What happens one night? Well, Cary Grant’s lead decides to stalk a lady on the night bus. His intentions are pure, of course, because in this universe, sex only exists under very specific conditions.
She’s just too stupid to get along! He carries her across the country, and in the process, she falls in love with him. He isn’t sure whether to reciprocate at first, but then he decides to make a 3 hour drive to New York, write an article of several pages, and then return to the motel in another epic 3 hour drive, before she wakes up, to accept her love. And would you know it, he doesn’t quite make it in time!
In a famous scene, it is implied Claudette Colbert’s lead can stop a car with her stockinged leg, although the driver actually stops to pick them up with the aim of stealing their things. Really, they were both as useless as each other at hitching a ride. In order to get around the censors, they had to hang up a sheet in-between the two beds, just to air the room of the scent of sex enough, so that any taste of it is left ’til the last scenes, where they order a trumpet and blow it in an admittedly quite clever reference, and strong commitment to the bit. It’s a seven degrees of separation from sex scene.
There’s this thing about the black and white 4:3 format. It’s cute, and harmless, largely due to the vast machinery of censorship that hovers over it like an gargantuan pair of invisible scissors. From time to time this mechanism becomes very visible, as the lead actors disappear from the screen for the last 10 mins of the film, largely due to the fact that they’re going to fuck. As a result, I always feel safe when I’m watching these films. Not that I’m afraid of sex (he says), in fact 4:3 films censored for violence etc. but not sex, would probably be the most amazingly comforting genre. I couldn’t speculate as to what form the sex would take – it’s hard to imagine the specifics.
It’s just that the 16:9 aspect ratio in colour opens onto a world where dangerous things could happen at any time. In black and white, 4:3, you’re always safe. No one’s going to get their face torn off, no one’s going to try and destroy the foundations to a world. Or at least, any such intentions have long lost their bite, that world has already fallen to pieces in war after war, and been restructured and sold off. We have become ‘desensitised’. Or rather, the work of sensitisation has relaxed. Along with it went much of the legislative frameworks enforcing morals in the movies.
Or is it the phenomenology of the fissure between our world and the black and white world? Because Le Chien Andalusian wants to disturb us, of course. But the lack of colour and general frame rate and world of the early films, but also their distance from us historically, helps place them in categories away from the threatening.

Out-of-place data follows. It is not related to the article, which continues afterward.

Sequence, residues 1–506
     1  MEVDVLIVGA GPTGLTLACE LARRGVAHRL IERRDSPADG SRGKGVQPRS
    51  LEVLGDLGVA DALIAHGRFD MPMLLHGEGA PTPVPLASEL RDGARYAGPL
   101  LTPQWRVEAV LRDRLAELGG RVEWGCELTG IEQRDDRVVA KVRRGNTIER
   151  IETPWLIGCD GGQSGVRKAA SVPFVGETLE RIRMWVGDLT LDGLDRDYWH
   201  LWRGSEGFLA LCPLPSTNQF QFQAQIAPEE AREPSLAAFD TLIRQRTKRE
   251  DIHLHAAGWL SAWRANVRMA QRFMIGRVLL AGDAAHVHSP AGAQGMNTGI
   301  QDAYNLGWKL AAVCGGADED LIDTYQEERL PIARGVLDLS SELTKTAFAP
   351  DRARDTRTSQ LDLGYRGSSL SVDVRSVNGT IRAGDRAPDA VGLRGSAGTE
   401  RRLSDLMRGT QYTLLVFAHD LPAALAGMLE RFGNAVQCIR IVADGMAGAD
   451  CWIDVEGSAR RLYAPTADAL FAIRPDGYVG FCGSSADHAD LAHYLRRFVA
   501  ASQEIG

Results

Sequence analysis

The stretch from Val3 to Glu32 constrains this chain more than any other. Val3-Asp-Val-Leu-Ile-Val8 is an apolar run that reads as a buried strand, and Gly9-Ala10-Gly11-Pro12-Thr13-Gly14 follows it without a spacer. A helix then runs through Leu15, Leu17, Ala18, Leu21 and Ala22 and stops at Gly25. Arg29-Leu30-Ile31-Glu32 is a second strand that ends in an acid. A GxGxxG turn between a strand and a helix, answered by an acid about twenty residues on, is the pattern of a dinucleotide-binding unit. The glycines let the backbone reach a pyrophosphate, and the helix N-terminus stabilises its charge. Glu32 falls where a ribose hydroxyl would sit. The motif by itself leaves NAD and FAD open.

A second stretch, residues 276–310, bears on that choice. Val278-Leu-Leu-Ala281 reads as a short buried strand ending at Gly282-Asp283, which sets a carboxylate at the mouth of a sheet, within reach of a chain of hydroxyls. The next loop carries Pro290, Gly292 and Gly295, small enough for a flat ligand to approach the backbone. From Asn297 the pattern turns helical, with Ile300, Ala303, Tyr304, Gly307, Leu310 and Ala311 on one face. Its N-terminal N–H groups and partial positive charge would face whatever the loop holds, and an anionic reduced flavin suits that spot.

The other day I watched Alien Covenant. They called them ‘Grand Guignol’ elements, faces getting torn off etc. Aliens popping out of unexpected places, backs, throats… Relating covenant even back to Alien (1979) it seems there is a loss of heart. Maybe that is specific to Ridley Scott’s trajectory. Or maybe it’s how the realistic depiction of gore relates to its time. My dad couldn’t bear the chest popping scene in that original film, but I find it a bit squeamish though not disturbing. But events in Covenant disturbed me, through their disinterest in the people they were happening to. John Hurt always seemed human, throughout everything that was happening to him.
But I wasn’t interested in that, as such. Covenant felt without hope, at least not human hope. Whereas in the 1979 film, there is always the hope that Ripley survives, and lives a safe life, regardless of what happens in those later films. There is even an element of this in Prometheus (2012) which has this kind of hopeful ending, which is then betrayed in ahuman fashion in Covenant, without even allowing Elizabeth Shaw to have her say on screen in the latter. But apparently Scott has decided that those films are about robots from now on.
Frank Capra’s 1934 film gave me nothing to worry about, and that’s partly down to the fact that it’s a ‘screwball comedy’, but it’s also down to the fact that I knew I didn’t have to worry about anything. Everything would be okay. The censors ensured it. Who plays this role in our time? Our friends who recommend us films, and reassure us. But it’s better that it’s now a choice, a choice to let possibilities and their danger in. A choice watch an old film.